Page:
Keep left to help stay safe

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Signs have been installed telling shoppers to keep to the left on busy parts of King Street to encourage people to keep apart, while shoppers are also being urged to keep their masks on at all times, including while queuing outside and walking between shops.

Bins and benches have also been removed in some areas to provide more space to social-distance and the States police will be increasing patrols in town to reinforce the guidance.

A new Covid support team has also been formed to help support businesses with the new measures, risk assessments and what to do should any positive cases be reported.

Store managers and owners have welcomed the measures as a way to keep shoppers safe and stores open.

‘The more people who do adhere to the rules the better. Even little things like this make a heck of a difference,’ said Nancy Holt, manager of Blacks outdoor clothing store.

‘If there is anything that we can do that means we are safer, then we should all do that,’ added David Speed, managing director of Rivoli Jewellers. ‘[The rules] are not always pleasant, but it’s not all about being pleasant – it’s about being safe and considerate to other people.’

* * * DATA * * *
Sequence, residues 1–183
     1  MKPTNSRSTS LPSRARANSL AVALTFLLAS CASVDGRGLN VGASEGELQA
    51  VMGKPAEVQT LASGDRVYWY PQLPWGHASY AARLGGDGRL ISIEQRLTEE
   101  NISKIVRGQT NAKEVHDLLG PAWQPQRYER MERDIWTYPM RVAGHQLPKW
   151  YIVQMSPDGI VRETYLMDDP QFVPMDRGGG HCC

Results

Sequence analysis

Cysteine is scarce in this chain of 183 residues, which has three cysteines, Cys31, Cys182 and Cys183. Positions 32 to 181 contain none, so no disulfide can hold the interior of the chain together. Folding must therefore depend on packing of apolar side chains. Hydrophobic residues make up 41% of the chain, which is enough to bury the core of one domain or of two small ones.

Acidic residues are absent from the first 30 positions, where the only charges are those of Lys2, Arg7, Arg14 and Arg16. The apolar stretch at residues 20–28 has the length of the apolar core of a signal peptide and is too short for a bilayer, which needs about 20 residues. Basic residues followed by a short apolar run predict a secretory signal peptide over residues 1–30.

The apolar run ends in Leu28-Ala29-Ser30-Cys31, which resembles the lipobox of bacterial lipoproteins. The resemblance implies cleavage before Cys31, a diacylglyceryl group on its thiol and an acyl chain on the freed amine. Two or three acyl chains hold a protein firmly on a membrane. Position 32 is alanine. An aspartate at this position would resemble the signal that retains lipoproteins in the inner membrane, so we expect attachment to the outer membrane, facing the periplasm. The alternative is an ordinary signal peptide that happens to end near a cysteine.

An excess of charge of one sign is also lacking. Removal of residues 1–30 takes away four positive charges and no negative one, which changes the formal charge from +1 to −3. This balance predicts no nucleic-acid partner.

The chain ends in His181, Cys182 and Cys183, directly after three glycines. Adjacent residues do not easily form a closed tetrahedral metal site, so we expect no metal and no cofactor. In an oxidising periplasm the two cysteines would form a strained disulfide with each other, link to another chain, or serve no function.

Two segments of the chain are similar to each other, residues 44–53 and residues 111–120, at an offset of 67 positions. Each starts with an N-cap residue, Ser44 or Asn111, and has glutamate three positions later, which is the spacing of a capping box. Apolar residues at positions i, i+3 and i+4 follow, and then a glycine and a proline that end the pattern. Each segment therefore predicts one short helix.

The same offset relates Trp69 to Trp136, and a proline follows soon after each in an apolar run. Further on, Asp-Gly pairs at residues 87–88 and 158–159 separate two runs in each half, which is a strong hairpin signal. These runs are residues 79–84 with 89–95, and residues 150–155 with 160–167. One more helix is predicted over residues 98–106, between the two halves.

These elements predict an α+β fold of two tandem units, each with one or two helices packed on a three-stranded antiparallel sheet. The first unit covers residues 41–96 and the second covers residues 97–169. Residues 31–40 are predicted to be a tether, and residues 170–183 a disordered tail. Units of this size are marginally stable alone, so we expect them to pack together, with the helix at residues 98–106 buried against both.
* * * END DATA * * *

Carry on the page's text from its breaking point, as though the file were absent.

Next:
Mr Speed said that retail reopening would also bring huge benefits to store workers, who were ‘very sociable people’ and ‘extremely grateful’ to be able to get back to work.

Meanwhile, the owner of Voisins department store, Gerald Voisin, said: ‘I think we should try these things. If [the signs] keep the virus at bay and mean our community can get back to closer to normal, I think that’s not a bad idea. The lesson we should learn from Guernsey is that this [virus] can take off again pretty quickly – another reason why we must make sure we do use the hand sanitiser and wear a mask.’

Mr Voisin added that it was particularly important for retailers to follow guidance now to allow other businesses to open in future.

‘For me it’s that long-term aim of trying to help our society get back to normal,’ he said. ‘It’s up to retail to get it right so hairdressers, beauticians, cafés and so on can begin to operate. Any little thing that we can do to help that along is a positive.’

Town centre and events manager Vicky Trehorel said that local businesses needed Islanders’ support now more than ever, both in terms of visiting stores and by adhering to any safety measures in place.

‘As shops reopen my biggest hope is that we all do our bit by remembering to maintain physical distancing, wear masks where possible and be kind to those who are keeping services going for us,’ she said.

‘Things will certainly seem different as people start to return to town and I appreciate some people may feel anxious as they consider the prospect. The reminders are there to enable us to continue working towards a reduction in cases and ensure the safety of those we care about.’

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